Yesterday was deadline day (hooray), which means the first five chapters of my latest novel have now been submitted to my manuscript editor for review. I don’t have to think about edits for that one until the end of February now, so in the meantime… I’m writing. Beginning a novel is always my favourite part of the process: probably because I’m not really a planner so when I’m writing, I tend to have little to no idea of where my characters will be taking me. A little uncertainty is always fun.

Anyway, I’m 14,000 words in at the minute and really enjoying the motifs that keep cropping up and the characters that kind of seem trustworthy to start with and are slowly becoming less so as the plot thickens. I’m hoping to reach around 70,000 for this particular manuscript, as it’s for a YA audience. My first draft of my first novel ended at around 55,000, but now I’m discovering that I have far more words to play around with and probably should have written way more to begin with – while I was in the flow of that particular story.

I’m thankful I headed to Costa when I did, because it’s just started pouring down outside and I didn’t bring a coat. It was sunny earlier! Unpredictable British weather. You’d think I’d have adapted by now to living in the South of England by carrying an umbrella or bringing a spare jacket or something, but that rarely happens… I think when you’ve come from the North, there’s a certain element of pride when it comes to cold weather. Duh, I’m from the North. I can hack it. Brolly?? ‘Course I don’t need a brolly.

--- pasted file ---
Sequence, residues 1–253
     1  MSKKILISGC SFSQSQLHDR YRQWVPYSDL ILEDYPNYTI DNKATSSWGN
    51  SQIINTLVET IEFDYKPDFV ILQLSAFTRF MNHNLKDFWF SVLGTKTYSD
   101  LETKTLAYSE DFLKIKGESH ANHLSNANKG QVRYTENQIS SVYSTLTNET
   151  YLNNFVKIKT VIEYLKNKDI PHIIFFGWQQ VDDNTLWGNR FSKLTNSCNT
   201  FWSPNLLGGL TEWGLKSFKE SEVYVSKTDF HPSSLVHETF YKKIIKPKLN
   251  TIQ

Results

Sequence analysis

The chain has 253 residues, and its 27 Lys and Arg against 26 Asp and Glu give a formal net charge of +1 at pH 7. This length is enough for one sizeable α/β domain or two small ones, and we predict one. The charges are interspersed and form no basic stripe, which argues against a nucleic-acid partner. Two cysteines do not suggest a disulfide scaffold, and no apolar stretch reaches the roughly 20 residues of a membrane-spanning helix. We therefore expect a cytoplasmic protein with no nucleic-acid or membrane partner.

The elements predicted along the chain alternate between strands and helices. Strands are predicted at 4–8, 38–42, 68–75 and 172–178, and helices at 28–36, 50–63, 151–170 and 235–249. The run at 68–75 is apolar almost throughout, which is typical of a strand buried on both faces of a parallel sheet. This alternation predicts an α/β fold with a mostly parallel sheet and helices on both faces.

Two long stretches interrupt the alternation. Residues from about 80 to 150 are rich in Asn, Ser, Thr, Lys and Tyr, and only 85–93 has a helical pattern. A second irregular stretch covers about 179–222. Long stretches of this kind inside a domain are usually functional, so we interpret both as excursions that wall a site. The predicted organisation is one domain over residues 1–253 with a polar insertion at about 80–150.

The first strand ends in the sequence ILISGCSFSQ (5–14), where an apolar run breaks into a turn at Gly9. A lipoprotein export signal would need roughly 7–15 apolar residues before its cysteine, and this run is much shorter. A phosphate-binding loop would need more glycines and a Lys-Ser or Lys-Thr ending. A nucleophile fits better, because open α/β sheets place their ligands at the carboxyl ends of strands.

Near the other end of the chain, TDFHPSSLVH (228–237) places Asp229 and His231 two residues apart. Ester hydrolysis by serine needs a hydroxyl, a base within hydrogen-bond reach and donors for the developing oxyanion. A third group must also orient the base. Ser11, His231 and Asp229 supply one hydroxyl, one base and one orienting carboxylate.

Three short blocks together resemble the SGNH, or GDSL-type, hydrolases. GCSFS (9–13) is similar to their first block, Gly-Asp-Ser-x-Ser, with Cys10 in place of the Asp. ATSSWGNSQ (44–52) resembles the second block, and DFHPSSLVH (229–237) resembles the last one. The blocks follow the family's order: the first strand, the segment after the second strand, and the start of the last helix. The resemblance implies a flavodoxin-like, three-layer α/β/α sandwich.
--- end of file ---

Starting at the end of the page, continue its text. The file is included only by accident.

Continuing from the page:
I should probably get back to working on the manuscript. I hope everyone has a great day! It definitely feels like a day to be creative, if you’re that way inclined. Enjoy.

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Avoiding the void: staying social as a writer

Writing

I think it’s safe to say that most writers would consider themselves quite solitary people. Let’s face it – writing is a solitary activity, there’s no getting around it. But nobody ever made a bestselling novel by holing themselves up in their room for three years. As writers, we need the support and inspiration from people around us to feed our writing – and there are so many different ways we can keep in touch with the outside world while still focusing on our works in progress.

One wonderful way to stay in the loop without even leaving the comfort of your home is social media. That’s right: get tweeting people. I find that Twitter is one of the more useful platforms for writers. Set yourself up with a profile if you haven’t already, and really delve into the different writing hashtags that crop up every so often. For children’s authors in particular, Twitter is invaluable for showing new and upcoming writers what agents and publishers are looking for. There are different conversations happening all the time, and sometimes there are scheduled chats that you can get involved in. There’s always room for new ideas – and sending your opinion via a tweet is so much less nerve-wracking than if you piped up in person. Get involved!

Beth’s Tips: Children’s and YA authors should try looking out for #ukyachat #MSWL and #manuscriptwishlist!